Henry Reuter

Mayor of Appleton 1922 - 1923. Photo posted at City Hall.
Image of photograph from Fox Valley Memory.
Used with permission of the Appleton Public Library.

In the 1920's steamship ticket agent Henry Reuter lived in the home which used to stand at 209 W. Lawrence St.

The following was taken verbatim from Ryan's History of Outagamie County, Part 15 (1911):

HENRY REUTER, who is one of the proprietors of the C. F. Smith Livery and Transfer Company, at Appleton, Wisconsin, one of the city's substantial business enterprises, was born at Appleton, January 1, 1865, and is the son of Peter and Gertrude (Borlinghousen) Renter. The late Peter Reuter was a prominent citizen of Wisconsin for many years. He was born July 5, 1838, in Belgium, and died at Kaukauna, Wisconsin, in 1905. In 1847 he accompanied his parents to America, they locating on a farm near Milwaukee, Wisconsin, where the father died three weeks afterward, leaving the mother with five small children, Peter being aged nine years at that time. Peter Reuter learned the carpenter's trade and in 1864 came to Appleton as foreman in a hub and spoke factory, and four years later, with his brother, Alexander, built a hub and spoke factory at Kaukauna, fifteen years later buying his brother's interest. Peter Reuter served Kaukauna several terms as mayor, and was a leading democratic politician of his section for many years, later becoming a republican. Since its organization he was president of the Bank of Kaukauna, and was serving as such at the time of his death. Both he and his wife were devoted members of the Catholic Church, and he was a member of the Knights of Columbus and of the Catholic Knights of Wisconsin. He was twice married, and three children were born to his first union and five to this second. Henry Reuter attended the public schools of Kaukauna and later Pio Nono College at St. Frances, near Milwaukee from which institution he graduated in 1881 after which time he took charge of the office of the hub and spoke factory that was being operated at Kaukauna by his father Peter Reuter and in 1886 when the plant moved to Rice Lake, Wisconsin, and incorporated under the name of the Reuter Hub and Spoke Co., he (Henry Reuter) became the Secretary and Manager of the concern which was later moved to Dexter, Missouri, in 1899; in 1901, Henry Reuter became the President and Treasurer of the concern, which position he held until 1903 at which time he sold his interests in the south owing to climatic conditions and returned at Wisconsin, locating at Appleton.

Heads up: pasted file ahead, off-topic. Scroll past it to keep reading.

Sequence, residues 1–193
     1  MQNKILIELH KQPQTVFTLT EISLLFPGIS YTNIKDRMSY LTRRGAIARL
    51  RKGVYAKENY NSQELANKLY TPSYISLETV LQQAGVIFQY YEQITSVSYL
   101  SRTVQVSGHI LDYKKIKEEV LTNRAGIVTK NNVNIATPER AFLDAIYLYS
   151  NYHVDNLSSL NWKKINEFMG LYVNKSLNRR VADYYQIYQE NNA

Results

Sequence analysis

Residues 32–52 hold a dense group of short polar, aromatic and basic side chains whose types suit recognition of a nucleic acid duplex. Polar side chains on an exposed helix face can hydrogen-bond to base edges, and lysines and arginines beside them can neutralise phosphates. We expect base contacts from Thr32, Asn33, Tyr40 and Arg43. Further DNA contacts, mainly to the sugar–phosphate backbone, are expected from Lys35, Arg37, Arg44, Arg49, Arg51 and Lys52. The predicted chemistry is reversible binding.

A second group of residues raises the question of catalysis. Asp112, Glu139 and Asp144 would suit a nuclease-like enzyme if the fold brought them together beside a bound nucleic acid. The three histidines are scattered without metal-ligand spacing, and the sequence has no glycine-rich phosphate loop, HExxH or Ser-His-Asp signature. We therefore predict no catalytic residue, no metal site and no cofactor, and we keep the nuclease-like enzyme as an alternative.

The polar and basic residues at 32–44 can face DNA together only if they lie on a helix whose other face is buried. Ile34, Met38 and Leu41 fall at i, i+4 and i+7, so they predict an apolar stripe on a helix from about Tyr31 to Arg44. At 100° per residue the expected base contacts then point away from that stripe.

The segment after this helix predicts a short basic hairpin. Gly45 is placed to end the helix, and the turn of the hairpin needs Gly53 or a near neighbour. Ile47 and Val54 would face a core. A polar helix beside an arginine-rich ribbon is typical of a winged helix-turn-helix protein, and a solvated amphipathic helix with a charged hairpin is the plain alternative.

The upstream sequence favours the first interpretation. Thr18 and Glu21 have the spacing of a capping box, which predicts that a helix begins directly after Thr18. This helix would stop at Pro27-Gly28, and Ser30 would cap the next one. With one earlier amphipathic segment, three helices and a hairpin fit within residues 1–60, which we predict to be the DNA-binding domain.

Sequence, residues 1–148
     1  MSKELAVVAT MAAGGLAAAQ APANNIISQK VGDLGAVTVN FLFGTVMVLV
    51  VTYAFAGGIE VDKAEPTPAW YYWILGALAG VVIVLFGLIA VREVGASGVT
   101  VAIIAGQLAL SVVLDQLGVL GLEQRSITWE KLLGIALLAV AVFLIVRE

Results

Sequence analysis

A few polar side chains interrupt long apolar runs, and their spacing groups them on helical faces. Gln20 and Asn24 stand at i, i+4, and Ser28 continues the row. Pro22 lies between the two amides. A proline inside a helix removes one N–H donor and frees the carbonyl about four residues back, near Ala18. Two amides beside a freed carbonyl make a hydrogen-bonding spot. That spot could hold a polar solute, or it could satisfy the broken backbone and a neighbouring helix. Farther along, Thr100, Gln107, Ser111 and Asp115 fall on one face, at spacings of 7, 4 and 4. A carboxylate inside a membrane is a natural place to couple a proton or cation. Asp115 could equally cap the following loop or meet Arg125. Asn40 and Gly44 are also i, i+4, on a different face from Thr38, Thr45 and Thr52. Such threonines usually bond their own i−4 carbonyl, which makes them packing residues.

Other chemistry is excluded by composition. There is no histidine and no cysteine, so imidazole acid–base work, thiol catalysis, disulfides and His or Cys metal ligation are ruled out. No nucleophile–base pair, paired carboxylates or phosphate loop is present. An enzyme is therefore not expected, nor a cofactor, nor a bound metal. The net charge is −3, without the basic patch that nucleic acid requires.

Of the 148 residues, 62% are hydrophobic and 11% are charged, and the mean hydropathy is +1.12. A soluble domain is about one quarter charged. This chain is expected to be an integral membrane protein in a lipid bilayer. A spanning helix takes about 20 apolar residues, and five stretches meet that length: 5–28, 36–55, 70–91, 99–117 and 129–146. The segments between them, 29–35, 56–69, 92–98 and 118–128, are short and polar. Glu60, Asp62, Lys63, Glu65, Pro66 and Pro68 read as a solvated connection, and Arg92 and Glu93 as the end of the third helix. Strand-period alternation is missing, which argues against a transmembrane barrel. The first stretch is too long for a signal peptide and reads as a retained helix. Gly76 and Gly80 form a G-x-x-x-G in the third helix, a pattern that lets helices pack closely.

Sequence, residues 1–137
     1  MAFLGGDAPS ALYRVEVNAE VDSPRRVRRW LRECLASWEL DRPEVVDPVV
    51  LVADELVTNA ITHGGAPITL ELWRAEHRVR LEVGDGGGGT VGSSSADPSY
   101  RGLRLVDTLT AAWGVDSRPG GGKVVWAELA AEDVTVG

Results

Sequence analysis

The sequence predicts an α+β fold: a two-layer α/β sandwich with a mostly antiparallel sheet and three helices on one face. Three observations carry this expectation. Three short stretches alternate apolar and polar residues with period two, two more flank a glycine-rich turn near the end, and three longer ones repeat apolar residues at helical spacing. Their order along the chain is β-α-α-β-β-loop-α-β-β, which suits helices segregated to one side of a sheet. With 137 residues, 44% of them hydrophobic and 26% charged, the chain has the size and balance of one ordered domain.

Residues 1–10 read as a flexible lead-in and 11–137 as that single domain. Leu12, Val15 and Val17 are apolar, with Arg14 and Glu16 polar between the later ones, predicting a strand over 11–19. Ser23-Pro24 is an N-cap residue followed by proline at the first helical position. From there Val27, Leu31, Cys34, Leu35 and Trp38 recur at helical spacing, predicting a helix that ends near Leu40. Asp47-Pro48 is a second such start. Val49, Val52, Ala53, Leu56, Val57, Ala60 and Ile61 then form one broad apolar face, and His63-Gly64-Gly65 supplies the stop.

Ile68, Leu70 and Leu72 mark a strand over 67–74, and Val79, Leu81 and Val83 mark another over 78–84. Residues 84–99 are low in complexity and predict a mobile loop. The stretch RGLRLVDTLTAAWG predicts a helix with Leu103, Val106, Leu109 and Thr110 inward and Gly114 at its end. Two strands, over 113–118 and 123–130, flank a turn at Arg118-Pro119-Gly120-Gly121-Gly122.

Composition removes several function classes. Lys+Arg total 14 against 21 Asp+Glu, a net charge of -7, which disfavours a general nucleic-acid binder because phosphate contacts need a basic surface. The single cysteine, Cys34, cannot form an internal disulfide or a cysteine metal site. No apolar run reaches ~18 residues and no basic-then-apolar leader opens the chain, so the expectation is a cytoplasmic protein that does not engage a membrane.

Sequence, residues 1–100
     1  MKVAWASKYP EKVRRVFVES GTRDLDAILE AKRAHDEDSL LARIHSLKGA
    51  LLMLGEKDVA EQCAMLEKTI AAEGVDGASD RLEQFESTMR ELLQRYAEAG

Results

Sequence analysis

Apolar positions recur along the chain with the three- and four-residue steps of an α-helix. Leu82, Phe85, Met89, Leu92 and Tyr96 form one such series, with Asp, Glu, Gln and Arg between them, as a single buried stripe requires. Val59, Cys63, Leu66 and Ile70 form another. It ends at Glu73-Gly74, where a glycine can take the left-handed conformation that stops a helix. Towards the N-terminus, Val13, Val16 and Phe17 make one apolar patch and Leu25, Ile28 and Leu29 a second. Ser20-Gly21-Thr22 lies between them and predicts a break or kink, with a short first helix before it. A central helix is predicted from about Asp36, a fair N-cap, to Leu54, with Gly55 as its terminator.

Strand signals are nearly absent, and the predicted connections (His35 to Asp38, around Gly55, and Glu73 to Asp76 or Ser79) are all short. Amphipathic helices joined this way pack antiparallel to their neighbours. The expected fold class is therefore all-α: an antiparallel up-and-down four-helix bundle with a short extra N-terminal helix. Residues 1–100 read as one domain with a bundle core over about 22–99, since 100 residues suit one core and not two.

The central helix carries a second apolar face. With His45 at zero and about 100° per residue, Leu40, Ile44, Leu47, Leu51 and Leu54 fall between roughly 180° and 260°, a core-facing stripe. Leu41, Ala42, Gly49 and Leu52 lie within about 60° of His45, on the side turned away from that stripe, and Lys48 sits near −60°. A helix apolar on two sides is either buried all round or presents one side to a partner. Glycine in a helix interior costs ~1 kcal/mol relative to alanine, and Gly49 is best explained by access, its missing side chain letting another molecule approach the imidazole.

In 1905 he purchased the controlling interest in the C. F. Smith Livery and Transfer Co., of Appleton, Wisconsin, and through his energy and business ability has brought this concern up to a point that today it owns one of the finest and most modern livery and transfer businesses in the state.

Mr. Reuter was married (first) May 1, 1888, to Agnes Kamps, who died September 27, 1904. He was married (second) on June 16, 1909, to Mrs. Catherine Sacksteder, daughter of G. T. Moeskes, who was formerly a judge of the county court. Mr. Reuter has three children, born to his first marriage: Agnes, Helen and Gerhard, all of whom are proficient in music. Mr. Reuter and family are members of St. Joseph's Catholic Church. He belongs to the Knights of Columbus, the Catholic Knights of Wisconsin and the Modern Woodmen of America.

Reuter was Mayor of Appleton for only two years from 1922-1923, but those years saw a boon in building and construction. An article in the August 24, 1937 Appleton Post-Crescent stated, "Construction of the Lawe Street and Memorial Drive bridges were [sic] started and contracts for two junior high school buildings were let." These accomplishments, according to the article, made the term of Mayor Reuter "stand out in Appleton's history."
After his term in office was up, Reuter continued in the steamship ticket business. He died August 25, 1925 after an illness of several months. His death was front page news in the Post-Crescent on that day.
Ad from the Appleton Post-Crescent, Tuesday, April 24, 1923.